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Commonwealth of Massachusetts

April 1999


DEE-fense: Ethical Obligations of Criminal Defense Counsel


Arnold R. Rosenfeld

Bar Counsel

This month’s Bar Overseer is the second part of a two-part series on changes in the Massachusetts Rules of Professional Conduct relating to prosecution and defense. This column deals with the ethical issues of the criminal defense lawyer.

Effective January 1999, the Supreme Judicial Court issued an order formally eliminating S.J.C. Rule 3:08 entitled "Disciplinary Rules Applicable to Practice as a Prosecutor or as a Defense Counsel" and commonly known as the Prosecution and Defense Functions (PFs and DFs). In its place, the Court adopted some "housekeeping" changes. The adoption of the Massachusetts Rules of Professional Conduct in January 1998, together with these recent housekeeping changes, has resulted in many changes affecting both prosecutors and defense counsel in criminal cases.

For defense counsel, the most important differences arise out of the interaction between Mass. R. Prof. C. 1.6, Confidentiality of Information, and Mass. R. Prof. C. 3.3, Candor Toward the Tribunal. Under the new rules, candor to the tribunal clearly has been given priority over the duty of confidentiality to the client. Under the old Disciplinary Rules, the duty of candor was more ambiguous in certain situations where there was a conflict with the duties of confiedentiality. This article will discuss how the transition from the former Disciplinary Rules to the new Rules of Professional Conduct represents a fundamentally different approach in the professional responsibility duties of criminal defense counsel.

On the one hand, because it generally protects all "confidential information relation to the representation," Mass. R. Prof. C. 1.6 in fact contains a broader definition of what constitutes confidential information than existed under former DR 4-101. See Comment 5 to Mass. R. Prof. C. 1.6. On the other hand, however, because the exceptions under the new Rules are very different from those appearing in DR 4-101, the duty of confidentiality is narrower than it was previously.

Rule 1.6 contains six permissive exceptions to the duty of confidentiality, some similar to those in former DR 4-101 and others that both narrow and broaden the lawyer’s discretion. The most important change, in Rule 1.6(b)(1), is that the lawyer is now permitted to disclose confidential information to prevent the client’s commission of both criminal and fraudulent acts, not just criminal acts, but only if the lawyer reasonably believes the criminal or fraudulent act is likely to result in death or substantial bodily harm or in substantial injury to the financial interests or property of another or to prevent the wrongful execution or incarceration of another. Former DR 4-101 permitted the lawyer to reveal the client’s intention to commit any crime, no matter how minor.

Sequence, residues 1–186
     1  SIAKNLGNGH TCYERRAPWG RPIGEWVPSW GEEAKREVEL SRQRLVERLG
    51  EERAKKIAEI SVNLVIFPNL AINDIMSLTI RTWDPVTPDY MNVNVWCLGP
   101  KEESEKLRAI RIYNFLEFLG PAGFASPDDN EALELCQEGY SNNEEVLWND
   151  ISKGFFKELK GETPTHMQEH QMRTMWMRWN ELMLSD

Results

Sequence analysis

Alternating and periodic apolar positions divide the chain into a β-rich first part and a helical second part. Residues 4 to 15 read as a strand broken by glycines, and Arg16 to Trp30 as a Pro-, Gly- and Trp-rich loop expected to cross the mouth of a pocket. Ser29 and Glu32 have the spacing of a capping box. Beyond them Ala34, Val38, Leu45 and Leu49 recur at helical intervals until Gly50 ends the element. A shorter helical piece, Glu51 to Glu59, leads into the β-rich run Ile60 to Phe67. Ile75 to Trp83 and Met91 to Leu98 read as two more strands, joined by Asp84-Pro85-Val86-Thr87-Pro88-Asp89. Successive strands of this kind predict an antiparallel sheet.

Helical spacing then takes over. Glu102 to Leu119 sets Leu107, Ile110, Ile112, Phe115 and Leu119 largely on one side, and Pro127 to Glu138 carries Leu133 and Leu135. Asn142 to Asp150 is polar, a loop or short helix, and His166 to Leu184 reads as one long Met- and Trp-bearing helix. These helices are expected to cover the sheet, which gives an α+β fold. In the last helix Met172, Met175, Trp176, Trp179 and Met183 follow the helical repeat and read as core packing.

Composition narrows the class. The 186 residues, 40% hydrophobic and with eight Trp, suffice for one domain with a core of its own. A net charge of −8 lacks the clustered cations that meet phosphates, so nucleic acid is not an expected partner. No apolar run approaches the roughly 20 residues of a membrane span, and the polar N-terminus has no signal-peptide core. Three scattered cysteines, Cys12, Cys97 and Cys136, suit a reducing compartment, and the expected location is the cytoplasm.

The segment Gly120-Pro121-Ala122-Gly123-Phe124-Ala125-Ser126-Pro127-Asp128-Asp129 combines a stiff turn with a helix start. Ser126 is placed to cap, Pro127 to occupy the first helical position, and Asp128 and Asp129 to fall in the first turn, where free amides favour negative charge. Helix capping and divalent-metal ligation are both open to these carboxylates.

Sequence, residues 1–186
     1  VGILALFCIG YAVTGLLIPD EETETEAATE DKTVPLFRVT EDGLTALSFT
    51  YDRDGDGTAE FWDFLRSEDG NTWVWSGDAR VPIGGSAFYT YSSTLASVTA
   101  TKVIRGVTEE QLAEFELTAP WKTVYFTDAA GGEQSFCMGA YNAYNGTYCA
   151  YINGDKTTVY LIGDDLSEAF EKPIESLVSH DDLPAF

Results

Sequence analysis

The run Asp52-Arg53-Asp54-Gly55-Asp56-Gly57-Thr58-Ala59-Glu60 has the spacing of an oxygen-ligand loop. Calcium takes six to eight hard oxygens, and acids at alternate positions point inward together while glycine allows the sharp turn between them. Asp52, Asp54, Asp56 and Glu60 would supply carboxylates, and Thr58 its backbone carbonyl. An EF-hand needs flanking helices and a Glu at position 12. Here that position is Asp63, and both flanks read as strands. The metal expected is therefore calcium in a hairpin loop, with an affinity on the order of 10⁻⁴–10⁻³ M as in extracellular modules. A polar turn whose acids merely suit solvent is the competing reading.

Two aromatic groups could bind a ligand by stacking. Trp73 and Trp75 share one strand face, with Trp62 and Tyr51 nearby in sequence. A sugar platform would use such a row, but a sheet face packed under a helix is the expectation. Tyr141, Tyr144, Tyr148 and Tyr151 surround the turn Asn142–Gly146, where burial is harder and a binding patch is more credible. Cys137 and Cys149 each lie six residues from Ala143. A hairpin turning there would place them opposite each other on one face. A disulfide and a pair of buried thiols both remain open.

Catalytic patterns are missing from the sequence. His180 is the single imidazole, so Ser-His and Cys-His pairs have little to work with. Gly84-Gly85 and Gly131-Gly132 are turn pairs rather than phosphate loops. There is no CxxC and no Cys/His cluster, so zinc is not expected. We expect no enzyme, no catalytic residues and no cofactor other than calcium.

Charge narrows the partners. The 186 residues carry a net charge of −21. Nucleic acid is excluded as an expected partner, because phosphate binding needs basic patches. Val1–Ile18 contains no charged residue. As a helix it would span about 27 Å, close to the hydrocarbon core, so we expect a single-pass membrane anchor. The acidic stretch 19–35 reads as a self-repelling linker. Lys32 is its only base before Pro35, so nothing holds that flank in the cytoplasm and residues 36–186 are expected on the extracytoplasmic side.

Another new permissive exception, Rule 1.6(b)(3), permits the lawyer to reveal confidential information to the extent necessary to rectify client fraud in which the lawyer’s services have been used, subject to Rule 3.3.(e), discussed below.

Unlike DR 4-101, which contained permissive exceptions only, the new rules contains two mandatory exceptions to the duty of confidentiality. First and most critically, pursuant to Mass. R. Prof. C. 3.3(a)(2), a lawyer must disclose a material fact to a tribunal when disclosure is necessary to avoid assisting a criminal or fraudulent act by the client. This is a major change from DR 7-102(B)(1), which, in the same circumstances, allowed for an exception to reporting the fraud when the information was protected as a privileged communication. There is no such exception under Mass. R. Prof. C. 3.3(a)(2). Second (and less likely to present problems in the ordinary course), pursuant to Mass. R. Prof. C. 4.1 (b), a lawyer must disclose a material fact to a third person to avoid assisting in a criminal or fraudulent act by a client, unless disclosure is prohibited by Mass. R. Prof. C. 1.6. However, "assisting" under Rule 4.1 (but not under Rule 3.3) requires a level of assistance by the lawyer that would render the lawyer liable as an aider or abettor under criminal law or as a joint tortfeasor under tort and agency law.

Mass. R. Prof. C. 3.3 places additional burdens on a criminal defense lawyer. Under Rule 3.3(a)(1), a lawyer cannot knowingly make a false statement of material fact or law to a tribunal. Under Rule 3.3(a)(4), a lawyer cannot offer evidence that the lawyer knows to be false. These, of course, are not new obligations, However, if lawyer comes to know that false evidence has been offered or false testimony has been given, the lawyer now is required by Rule 3.3 to take remedial measures and, under Rule 3.3(b), this is so even if compliance requires disclosure of information otherwise protected by Rule 1.6. Thus, for example, if a client gives a false name to the court and the lawyer at the time of arraignment, and the client subsequently discloses his false statement to the lawyer, the lawyer cannot continue to represent that client unless the false statement is corrected. However, if the client will not correct the false statement, then the lawyer must reveal the false statement to the court, even if the lawyer withdraws from further representation.